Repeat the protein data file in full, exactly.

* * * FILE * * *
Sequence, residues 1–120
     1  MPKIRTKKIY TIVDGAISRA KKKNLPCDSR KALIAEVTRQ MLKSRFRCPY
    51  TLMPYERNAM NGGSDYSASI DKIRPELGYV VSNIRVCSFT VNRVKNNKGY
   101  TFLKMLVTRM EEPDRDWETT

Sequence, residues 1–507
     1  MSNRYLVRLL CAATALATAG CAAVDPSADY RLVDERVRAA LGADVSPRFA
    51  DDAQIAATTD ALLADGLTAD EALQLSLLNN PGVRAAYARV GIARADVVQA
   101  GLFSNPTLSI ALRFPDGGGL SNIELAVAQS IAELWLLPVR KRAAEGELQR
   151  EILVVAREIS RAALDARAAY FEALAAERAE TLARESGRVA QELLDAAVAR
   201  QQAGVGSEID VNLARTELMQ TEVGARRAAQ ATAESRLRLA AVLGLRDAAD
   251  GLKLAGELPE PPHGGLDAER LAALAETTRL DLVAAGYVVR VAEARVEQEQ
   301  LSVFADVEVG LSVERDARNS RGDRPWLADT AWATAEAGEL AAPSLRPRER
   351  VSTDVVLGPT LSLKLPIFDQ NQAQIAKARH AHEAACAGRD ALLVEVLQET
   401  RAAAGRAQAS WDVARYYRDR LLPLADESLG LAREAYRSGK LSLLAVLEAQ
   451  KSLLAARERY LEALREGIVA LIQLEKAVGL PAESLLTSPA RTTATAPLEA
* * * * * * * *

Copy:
Sequence, residues 1–120
     1  MPKIRTKKIY TIVDGAISRA KKKNLPCDSR KALIAEVTRQ MLKSRFRCPY
    51  TLMPYERNAM NGGSDYSASI DKIRPELGYV VSNIRVCSFT VNRVKNNKGY
   101  TFLKMLVTRM EEPDRDWETT

Sequence, residues 1–507
     1  MSNRYLVRLL CAATALATAG CAAVDPSADY RLVDERVRAA LGADVSPRFA
    51  DDAQIAATTD ALLADGLTAD EALQLSLLNN PGVRAAYARV GIARADVVQA
   101  GLFSNPTLSI ALRFPDGGGL SNIELAVAQS IAELWLLPVR KRAAEGELQR
   151  EILVVAREIS RAALDARAAY FEALAAERAE TLARESGRVA QELLDAAVAR
   201  QQAGVGSEID VNLARTELMQ TEVGARRAAQ ATAESRLRLA AVLGLRDAAD
   251  GLKLAGELPE PPHGGLDAER LAALAETTRL DLVAAGYVVR VAEARVEQEQ
   301  LSVFADVEVG LSVERDARNS RGDRPWLADT AWATAEAGEL AAPSLRPRER
   351  VSTDVVLGPT LSLKLPIFDQ NQAQIAKARH AHEAACAGRD ALLVEVLQET
   401  RAAAGRAQAS WDVARYYRDR LLPLADESLG LAREAYRSGK LSLLAVLEAQ
   451  KSLLAARERY LEALREGIVA LIQLEKAVGL PAESLLTSPA RTTATAPLEA